Women’s teams field a winning tradition
The players gathered on the field before the biggest game of their lives and stated their mission. Yes, they wanted to win for each other, because that is the foundation of every winning team. Yes, they wanted to win for their program, because no one wanted this historic women’s soccer season at Montclair State to end.
But they also wanted to win for…the field hockey team?
Their friends, classmates and fellow athletes, who were also chasing a national title of their own, were upset earlier that day by a team from Bowdoin --- which, coincidentally, was the same school that they would face in the second round of the NCAA Tournament.
“We approached the game as redemption for the field hockey team,” said Gina Politicastro, the star soccer goaltender for Montclair State. “We didn’t want to let them down.”
And they didn’t. The Red Hawks didn’t just beat Bowdoin that day --- they produced their most complete game of the season in a 7-0 victory. Those players from the field hockey team? They watched from the stands, the victory of their friends taking some of the sting off their own loss.
“We try to support each other,” says field hockey coach Beth Gottung. “It was great to see them succeed.”
There is something special happening lately on campus. Women’s teams and athletes are flourishing at the school, and the participants say watching the success of their counterparts is just pushing them to do better themselves.
Maybe this stat sums up that success the best: The softball, basketball, soccer, lacrosse and field hockey teams went a combined 131-14-1 in their seasons that ended in the 2013 calendar year – a ridiculous .903 winning percentage.
A quick breakdown:
- The women’s soccer team, just 7-8-2 when Coach Pat Naughter took over four years ago, not only won its first 17 games but only gave up two goals in its first 21 contests. It lost in the third round of the NCAA Tournament to the only other undefeated team in the country, Trinity University of Texas.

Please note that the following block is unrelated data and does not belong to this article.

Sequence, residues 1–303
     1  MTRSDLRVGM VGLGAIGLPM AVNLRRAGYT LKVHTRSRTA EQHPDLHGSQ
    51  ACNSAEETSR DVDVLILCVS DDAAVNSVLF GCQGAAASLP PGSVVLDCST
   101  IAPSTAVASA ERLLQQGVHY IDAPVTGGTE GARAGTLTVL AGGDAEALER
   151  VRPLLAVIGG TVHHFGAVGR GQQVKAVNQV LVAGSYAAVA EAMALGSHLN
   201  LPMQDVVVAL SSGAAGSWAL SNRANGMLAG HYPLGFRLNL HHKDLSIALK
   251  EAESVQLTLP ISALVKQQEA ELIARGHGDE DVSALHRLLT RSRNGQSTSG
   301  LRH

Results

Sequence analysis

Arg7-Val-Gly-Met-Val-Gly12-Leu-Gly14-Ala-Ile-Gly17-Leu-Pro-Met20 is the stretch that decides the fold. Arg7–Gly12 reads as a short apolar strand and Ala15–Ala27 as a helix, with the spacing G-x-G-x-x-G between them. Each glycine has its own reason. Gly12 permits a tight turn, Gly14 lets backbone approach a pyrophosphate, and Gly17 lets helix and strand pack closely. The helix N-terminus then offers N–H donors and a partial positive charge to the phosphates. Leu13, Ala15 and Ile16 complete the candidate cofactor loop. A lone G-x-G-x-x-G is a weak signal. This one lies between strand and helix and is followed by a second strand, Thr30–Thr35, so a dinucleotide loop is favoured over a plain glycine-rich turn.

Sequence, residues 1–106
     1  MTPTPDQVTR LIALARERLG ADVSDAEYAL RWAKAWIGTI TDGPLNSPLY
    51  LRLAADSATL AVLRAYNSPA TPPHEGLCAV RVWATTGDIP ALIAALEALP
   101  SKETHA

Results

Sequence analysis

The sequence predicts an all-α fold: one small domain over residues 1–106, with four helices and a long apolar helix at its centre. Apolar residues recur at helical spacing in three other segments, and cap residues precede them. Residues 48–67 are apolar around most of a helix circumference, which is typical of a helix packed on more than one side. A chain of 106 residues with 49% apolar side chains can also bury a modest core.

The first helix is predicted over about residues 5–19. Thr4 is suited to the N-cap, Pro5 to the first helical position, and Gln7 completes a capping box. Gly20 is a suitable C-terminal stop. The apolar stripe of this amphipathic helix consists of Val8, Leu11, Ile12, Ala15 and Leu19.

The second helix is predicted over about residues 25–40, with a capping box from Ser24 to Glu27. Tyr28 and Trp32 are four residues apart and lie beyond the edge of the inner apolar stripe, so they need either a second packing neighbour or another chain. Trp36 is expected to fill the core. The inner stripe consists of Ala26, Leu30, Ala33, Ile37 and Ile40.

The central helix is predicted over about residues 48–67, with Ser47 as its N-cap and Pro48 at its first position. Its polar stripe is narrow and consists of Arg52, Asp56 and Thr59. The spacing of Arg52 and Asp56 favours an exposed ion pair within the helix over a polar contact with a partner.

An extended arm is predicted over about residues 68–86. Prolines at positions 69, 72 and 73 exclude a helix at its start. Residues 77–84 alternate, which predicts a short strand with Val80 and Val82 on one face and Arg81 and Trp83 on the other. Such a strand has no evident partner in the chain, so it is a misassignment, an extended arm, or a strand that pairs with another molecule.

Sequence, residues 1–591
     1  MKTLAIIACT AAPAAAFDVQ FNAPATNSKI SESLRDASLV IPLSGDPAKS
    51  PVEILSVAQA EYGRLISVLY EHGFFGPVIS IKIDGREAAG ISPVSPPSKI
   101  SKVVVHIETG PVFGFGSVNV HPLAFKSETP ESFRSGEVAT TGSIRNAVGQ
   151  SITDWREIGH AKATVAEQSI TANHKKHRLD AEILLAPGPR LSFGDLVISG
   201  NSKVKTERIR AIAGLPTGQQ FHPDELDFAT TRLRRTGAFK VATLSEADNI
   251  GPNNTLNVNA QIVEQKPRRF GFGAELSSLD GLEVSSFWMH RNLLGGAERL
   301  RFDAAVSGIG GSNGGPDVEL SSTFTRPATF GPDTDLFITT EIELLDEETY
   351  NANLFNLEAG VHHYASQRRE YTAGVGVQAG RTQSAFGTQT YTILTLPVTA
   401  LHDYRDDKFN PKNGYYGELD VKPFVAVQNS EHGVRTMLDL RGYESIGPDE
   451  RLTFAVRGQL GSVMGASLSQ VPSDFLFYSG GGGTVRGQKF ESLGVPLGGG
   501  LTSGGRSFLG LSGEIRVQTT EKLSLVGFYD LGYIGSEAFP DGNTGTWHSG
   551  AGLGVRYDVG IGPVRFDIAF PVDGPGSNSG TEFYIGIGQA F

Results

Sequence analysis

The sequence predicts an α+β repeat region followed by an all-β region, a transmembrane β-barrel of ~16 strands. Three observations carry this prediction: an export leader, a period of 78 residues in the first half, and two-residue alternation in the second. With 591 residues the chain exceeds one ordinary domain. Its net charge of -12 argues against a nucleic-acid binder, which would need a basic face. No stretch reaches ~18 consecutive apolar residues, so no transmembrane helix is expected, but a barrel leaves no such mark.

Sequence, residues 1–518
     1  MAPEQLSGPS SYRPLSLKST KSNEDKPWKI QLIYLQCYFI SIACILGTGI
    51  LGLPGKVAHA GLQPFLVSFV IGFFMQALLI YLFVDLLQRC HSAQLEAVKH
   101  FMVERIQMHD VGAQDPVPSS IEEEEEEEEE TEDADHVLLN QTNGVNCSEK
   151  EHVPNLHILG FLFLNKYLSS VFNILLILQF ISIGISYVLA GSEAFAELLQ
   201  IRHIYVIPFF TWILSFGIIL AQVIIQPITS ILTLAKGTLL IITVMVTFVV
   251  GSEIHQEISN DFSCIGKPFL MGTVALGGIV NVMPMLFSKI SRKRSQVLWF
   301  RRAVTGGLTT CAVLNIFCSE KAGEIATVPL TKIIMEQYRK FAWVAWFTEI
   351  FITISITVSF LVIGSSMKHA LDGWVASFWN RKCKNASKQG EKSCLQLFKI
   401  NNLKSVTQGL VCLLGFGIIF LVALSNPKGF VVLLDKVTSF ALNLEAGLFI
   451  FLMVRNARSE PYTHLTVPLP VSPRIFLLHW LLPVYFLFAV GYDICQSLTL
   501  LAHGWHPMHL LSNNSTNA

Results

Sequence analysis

- Hurdler Heather Gearity won her second straight national championship in the 400-meter outdoor event last spring, running a track-record 59.31 seconds. She is also a two-time Academic All-American.
- The women’s basketball team won its first 29 games to start the 2012-13 season — with only one of those victories decided by single digits — before losing in the third round of the NCAA Tournament. In March 2014, the team won the NJAC conference title and was headed to nationals.
- The field hockey team spent most of the season ranked No. 1 in the country, winning the NJAC championship before suffering a 1-0 loss to Bowdoin College in the NCAA Tournament. The team is 62-7 over the past three seasons.
- The softball team went 46-5, winning 31 straight to start the season before finishing in fifth place in the national tournament. Going into the spring 2014 season, the team is ranked No. 2 nationally. Pitcher Alex Hill, an All-American, finished with a 0.68 ERA and 431 strikeouts in 48 appearances. With 754 wins, Coach Anita Kubicka is the winningest coach in school history.
- The lacrosse team made their fourth straight appearance, and seventh overall, in the NCAA Championships.
Watching the success of their counterparts is pushing them to do better themselves.
It is, without question, the pinnacle for women’s sports at Montclair State — and, indeed, the school has a deep tradition of success.
Basketball forward Carol Blazejowski was there from the start. She arrived on campus in 1976 after playing a single season at Cranford High, back when Title IX --- a law that mandated equal opportunities for women on college campuses --- was just beginning to be embraced.